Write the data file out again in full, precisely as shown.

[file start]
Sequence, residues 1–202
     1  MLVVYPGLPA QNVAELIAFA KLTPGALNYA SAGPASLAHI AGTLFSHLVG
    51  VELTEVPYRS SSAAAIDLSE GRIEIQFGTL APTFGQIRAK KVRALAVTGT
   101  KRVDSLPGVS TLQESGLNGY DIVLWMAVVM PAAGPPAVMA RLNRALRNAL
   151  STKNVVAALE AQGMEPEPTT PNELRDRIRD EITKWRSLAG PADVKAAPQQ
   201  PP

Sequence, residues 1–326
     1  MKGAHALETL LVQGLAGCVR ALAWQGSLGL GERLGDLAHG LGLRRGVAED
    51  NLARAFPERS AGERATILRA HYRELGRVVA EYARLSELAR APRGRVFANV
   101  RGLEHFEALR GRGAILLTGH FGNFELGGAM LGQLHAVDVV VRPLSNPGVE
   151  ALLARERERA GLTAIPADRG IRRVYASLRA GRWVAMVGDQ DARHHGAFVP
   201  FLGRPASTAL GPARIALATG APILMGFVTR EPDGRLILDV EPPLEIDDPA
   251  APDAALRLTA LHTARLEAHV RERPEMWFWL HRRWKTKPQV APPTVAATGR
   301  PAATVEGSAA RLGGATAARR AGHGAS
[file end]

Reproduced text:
Sequence, residues 1–202
     1  MLVVYPGLPA QNVAELIAFA KLTPGALNYA SAGPASLAHI AGTLFSHLVG
    51  VELTEVPYRS SSAAAIDLSE GRIEIQFGTL APTFGQIRAK KVRALAVTGT
   101  KRVDSLPGVS TLQESGLNGY DIVLWMAVVM PAAGPPAVMA RLNRALRNAL
   151  STKNVVAALE AQGMEPEPTT PNELRDRIRD EITKWRSLAG PADVKAAPQQ
   201  PP

Sequence, residues 1–326
     1  MKGAHALETL LVQGLAGCVR ALAWQGSLGL GERLGDLAHG LGLRRGVAED
    51  NLARAFPERS AGERATILRA HYRELGRVVA EYARLSELAR APRGRVFANV
   101  RGLEHFEALR GRGAILLTGH FGNFELGGAM LGQLHAVDVV VRPLSNPGVE
   151  ALLARERERA GLTAIPADRG IRRVYASLRA GRWVAMVGDQ DARHHGAFVP
   201  FLGRPASTAL GPARIALATG APILMGFVTR EPDGRLILDV EPPLEIDDPA
   251  APDAALRLTA LHTARLEAHV RERPEMWFWL HRRWKTKPQV APPTVAATGR
   301  PAATVEGSAA RLGGATAARR AGHGAS